This interesting article crossed my desk recently, A Year of Gun Deaths: What Slate learned from trying, and failing, to record every death by gun in America since Newtown. It is a long piece that touches on many of the things that make population health metrics hard.
It also drew my attention to an IOM report on Priorities for Research to Reduce the Threat of Firearm-Related Violence. Gun deaths are a public health problem.
Speaking of cool IHME seminars, last month we heard one on a social network analysis of the health policy actors involved in national-level policy change. So cool: http://www.healthdata.org/video/policy-development-integrated-community-case-management-iccm-national-and-global-levels-mixed
This news crossed my desk recently, about the Gates Foundation pushing forward open access (OA) in 2015:
Interesting local OA news, although not UW of course. The Gates Foundation is implementing a OA mandate as of January 1, 2015:
It’s a very progressive and strong policy. No opt-out, no embargo, no restricted access, etc. I like the open data element, which is also a step beyond typical OA policies, and relevant to reproducibility.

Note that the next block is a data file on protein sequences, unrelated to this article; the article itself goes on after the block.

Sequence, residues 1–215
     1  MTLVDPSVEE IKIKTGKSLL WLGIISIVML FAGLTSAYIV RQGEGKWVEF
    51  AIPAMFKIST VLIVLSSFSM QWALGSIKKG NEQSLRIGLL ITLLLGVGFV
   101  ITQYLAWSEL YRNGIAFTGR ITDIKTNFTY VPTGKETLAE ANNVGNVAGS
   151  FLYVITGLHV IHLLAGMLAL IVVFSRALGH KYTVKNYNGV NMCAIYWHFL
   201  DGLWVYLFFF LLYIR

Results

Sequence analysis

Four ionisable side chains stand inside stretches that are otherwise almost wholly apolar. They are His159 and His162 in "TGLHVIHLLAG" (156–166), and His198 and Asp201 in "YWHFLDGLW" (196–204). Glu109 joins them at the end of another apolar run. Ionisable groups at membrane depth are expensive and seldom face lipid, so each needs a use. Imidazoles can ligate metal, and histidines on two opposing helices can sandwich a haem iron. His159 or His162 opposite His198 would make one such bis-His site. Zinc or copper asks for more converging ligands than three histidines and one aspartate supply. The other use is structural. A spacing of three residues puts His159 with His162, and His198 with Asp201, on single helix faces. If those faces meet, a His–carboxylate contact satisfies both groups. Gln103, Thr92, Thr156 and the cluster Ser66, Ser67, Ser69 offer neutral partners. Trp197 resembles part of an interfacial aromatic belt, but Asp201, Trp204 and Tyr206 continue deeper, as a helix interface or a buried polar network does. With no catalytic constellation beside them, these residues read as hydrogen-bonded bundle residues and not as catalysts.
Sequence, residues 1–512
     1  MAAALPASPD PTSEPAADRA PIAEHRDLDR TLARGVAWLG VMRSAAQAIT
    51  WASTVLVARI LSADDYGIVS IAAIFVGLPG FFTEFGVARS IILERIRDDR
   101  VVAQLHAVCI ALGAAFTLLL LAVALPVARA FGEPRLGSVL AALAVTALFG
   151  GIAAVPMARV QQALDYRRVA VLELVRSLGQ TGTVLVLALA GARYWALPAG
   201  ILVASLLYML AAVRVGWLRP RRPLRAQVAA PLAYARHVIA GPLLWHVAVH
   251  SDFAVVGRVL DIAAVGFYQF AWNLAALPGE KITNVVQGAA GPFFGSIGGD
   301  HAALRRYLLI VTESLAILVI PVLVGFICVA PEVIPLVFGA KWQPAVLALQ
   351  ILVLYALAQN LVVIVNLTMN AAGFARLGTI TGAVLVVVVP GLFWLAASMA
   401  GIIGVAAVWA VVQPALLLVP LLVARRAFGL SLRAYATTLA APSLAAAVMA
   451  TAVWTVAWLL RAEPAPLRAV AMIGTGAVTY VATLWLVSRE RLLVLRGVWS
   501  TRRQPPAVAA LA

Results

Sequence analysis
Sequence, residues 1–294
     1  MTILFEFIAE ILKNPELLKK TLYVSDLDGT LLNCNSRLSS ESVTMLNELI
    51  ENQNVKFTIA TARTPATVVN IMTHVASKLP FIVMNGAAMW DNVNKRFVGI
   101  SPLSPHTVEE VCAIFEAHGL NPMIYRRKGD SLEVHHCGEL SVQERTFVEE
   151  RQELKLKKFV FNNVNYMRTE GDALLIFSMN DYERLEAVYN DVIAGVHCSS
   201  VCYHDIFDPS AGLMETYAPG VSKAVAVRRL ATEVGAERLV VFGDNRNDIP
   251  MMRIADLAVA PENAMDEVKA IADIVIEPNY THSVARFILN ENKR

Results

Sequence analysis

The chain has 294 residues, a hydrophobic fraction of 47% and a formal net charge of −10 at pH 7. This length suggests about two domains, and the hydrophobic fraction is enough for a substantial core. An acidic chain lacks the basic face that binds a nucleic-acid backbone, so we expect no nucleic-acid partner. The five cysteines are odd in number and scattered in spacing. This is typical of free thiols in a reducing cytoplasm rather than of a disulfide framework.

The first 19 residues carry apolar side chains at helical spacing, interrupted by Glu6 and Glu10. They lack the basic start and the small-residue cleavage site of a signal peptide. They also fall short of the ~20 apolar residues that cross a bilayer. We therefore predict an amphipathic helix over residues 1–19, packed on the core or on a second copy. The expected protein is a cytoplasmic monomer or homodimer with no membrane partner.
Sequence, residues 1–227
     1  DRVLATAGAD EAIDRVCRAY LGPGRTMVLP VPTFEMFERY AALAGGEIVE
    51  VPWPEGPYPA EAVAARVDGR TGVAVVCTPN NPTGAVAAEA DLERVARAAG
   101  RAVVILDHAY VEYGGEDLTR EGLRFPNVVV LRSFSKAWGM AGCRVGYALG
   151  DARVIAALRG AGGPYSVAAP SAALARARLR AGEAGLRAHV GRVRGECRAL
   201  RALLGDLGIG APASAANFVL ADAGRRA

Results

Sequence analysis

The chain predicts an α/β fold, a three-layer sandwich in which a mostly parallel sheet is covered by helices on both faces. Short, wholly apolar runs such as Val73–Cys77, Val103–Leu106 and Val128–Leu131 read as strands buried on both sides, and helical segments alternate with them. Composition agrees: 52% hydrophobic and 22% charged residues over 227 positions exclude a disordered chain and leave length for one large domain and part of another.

I get lots of strange email updates these days. Here is one about new publications from the National Academy, that may be of interest: Capturing Social and Behavioral Domains and Measures in Electronic Health Records.
A report on Suicide Prevention crossed my desk recently, which includes a ranking in terms of deaths and in terms of years of life lost:
Here is an interesting resource to watch: The Exemplar Public Health Datasets Collection in Open Health Data. Large longitudinal cohorts for secondary data analysis, anyone?